These ease the symptoms of hay fever and other allergies - for example, hives (urticaria), itch, sneezing, watering eyes, and a runny nose. They can be used to reduce the pain and swelling from wasp or bee stings.
Some antihistamines may cause drowsiness - for example, chlorphenamine (Piriton®). These may be useful for taking at bedtime, particularly for itchy conditions such as eczema or chickenpox. There are several types which cause less drowsiness and are better for during the day - for example, loratadine and cetirizine.
Antihistamine can also be bought as a cream, which can be rubbed on to stings and bites.
These help to ease indigestion and heartburn. There are various types of antacids - for example, sodium bicarbonate, magnesium trisilicate, aluminium or magnesium hydroxide. They work by neutralising the acid content of the stomach. You can also buy more powerful medicines which reduce acid in the stomach - for example, ranitidine and esomeprazole.
If you need to use antacids on a regular basis, you should see your doctor to discuss this.
Hydrocortisone cream is a mild steroid cream. Steroids reduce inflammation. Hydrocortisone can be bought in pharmacies, to treat inflammation of the skin (dermatitis), insect stings and eczema. Hydrocortisone cream should not be used on the face unless prescribed by your doctor specifically for use on the face.
If you have itching or dryness of the skin it may just need some emollient cream such as E45®. It is useful to soothe dry or itchy skin.
It is useful to have an antiseptic cream at home. If you use this on minor scrapes, cuts and bites, they are less likely to become infected. Commonly available antiseptic creams include Savlon® and Germolene®.
Other useful items
If anyone in your family is prone to mouth soreness or mouth ulcers it is a good idea to keep something to help with that such as Bonjela®.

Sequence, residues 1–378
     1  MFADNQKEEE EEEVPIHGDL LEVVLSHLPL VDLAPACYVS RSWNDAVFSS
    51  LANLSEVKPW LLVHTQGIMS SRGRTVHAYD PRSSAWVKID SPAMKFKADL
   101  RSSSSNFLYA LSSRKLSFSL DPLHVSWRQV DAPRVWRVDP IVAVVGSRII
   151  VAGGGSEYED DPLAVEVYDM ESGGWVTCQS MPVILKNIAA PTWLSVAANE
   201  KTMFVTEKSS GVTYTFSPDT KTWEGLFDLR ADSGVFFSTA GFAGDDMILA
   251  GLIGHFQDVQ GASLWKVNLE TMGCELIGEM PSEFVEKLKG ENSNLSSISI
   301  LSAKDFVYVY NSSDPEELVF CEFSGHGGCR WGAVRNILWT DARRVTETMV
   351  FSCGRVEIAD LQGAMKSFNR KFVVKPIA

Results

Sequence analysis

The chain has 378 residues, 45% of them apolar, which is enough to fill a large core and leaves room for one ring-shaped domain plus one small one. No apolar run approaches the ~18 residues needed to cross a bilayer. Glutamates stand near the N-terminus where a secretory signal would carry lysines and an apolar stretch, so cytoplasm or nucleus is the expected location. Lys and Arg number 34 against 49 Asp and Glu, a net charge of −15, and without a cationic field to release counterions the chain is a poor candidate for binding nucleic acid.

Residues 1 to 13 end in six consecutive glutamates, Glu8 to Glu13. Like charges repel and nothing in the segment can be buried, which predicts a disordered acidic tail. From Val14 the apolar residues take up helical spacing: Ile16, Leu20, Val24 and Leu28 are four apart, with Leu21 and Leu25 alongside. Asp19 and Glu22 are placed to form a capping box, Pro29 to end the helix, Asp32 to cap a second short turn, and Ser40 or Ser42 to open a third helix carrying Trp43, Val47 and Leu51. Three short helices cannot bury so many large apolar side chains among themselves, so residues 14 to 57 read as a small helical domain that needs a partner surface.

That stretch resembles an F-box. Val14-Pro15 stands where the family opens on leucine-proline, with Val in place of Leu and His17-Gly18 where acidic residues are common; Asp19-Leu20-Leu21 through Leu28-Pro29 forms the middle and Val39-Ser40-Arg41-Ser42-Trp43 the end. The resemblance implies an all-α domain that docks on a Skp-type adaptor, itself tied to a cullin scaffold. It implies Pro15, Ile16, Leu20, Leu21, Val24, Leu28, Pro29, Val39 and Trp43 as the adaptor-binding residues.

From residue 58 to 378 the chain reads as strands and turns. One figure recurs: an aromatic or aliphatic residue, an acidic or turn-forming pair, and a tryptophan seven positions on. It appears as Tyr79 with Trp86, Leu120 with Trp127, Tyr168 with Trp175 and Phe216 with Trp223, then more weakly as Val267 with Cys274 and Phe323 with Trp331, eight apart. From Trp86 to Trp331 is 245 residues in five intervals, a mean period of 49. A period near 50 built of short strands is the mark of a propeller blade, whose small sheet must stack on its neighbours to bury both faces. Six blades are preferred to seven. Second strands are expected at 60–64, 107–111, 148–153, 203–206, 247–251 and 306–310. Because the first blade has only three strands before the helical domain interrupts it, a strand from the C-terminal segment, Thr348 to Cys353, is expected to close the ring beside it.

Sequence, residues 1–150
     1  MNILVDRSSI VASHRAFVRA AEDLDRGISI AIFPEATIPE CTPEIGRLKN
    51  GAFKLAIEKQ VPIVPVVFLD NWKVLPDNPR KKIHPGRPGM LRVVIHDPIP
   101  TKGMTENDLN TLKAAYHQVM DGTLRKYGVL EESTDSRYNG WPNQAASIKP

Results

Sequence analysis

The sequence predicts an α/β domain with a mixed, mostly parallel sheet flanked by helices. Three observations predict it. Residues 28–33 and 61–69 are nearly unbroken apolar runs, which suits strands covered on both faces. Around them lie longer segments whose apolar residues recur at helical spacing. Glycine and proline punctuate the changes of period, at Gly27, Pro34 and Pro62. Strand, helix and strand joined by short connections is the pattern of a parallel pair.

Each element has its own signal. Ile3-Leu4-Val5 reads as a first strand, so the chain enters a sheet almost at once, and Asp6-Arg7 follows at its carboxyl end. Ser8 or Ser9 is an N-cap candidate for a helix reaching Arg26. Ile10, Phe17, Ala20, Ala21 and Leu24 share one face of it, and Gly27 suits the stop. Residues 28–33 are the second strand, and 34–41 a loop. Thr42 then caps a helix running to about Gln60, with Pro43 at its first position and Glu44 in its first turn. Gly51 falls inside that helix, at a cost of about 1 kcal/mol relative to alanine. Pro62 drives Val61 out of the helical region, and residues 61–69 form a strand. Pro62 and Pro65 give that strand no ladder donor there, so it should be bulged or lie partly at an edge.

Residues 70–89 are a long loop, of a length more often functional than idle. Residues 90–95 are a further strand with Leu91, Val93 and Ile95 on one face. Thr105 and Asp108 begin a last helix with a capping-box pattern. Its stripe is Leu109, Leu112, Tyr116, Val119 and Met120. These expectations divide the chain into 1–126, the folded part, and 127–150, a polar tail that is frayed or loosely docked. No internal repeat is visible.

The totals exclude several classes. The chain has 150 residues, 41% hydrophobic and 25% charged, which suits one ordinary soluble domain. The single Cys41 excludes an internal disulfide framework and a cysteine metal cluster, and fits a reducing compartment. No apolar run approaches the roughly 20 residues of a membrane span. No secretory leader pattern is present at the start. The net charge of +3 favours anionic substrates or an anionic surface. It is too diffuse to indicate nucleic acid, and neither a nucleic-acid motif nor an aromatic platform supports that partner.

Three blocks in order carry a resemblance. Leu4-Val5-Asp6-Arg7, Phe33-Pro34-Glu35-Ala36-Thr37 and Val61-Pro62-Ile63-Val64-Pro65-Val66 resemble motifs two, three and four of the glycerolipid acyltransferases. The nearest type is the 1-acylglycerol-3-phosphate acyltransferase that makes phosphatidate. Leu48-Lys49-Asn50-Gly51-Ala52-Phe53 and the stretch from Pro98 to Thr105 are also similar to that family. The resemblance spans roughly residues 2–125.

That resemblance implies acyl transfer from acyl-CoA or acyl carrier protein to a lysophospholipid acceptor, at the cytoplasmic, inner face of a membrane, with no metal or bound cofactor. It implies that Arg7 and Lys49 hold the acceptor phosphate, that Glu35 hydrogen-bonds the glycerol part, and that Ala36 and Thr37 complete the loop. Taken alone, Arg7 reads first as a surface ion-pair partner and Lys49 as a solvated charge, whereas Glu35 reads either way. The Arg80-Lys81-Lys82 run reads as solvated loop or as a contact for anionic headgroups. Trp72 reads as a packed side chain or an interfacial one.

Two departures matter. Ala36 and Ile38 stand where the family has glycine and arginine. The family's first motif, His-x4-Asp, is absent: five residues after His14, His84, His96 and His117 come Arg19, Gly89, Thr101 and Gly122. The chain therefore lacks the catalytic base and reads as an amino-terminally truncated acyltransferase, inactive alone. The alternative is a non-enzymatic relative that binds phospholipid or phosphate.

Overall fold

It is worth keeping a variety of plasters at home in case of minor cuts and grazes. Use hypo-allergenic ones if anyone in your house gets a rash with plasters.
You may also find thin adhesive strips such as Steri-strips® useful for cuts if you are able to use them. These pull the edges of a wound together. (If a cut does not stop bleeding after you have applied pressure and a plaster or Steri-strips®, you should attend your local Accident and Emergency Department. Continue to press on the cut until you get there to limit the bleeding.)
A pair of tweezers may be handy for extracting splinters.
Your pharmacist is the best source of advice and information on medicines which can be bought over the counter.
See your doctor if you are needing to take any of these medicines on a regular basis. This is to check there is no underlying cause for your problem.
Further reading and references
; NICE Evidence Services (UK access only)
; NICE CKS, September 2015 (UK access only)
; NICE CKS, September 2015 (UK access only)
Hi, bit of back story... I posted a few weeks ago wondering if I'd fractured my wrist. GP sent me to get it x-rayed, urgent care sent me to fracture clinic as they couldn't tell if it was fractured....SpeckledGecko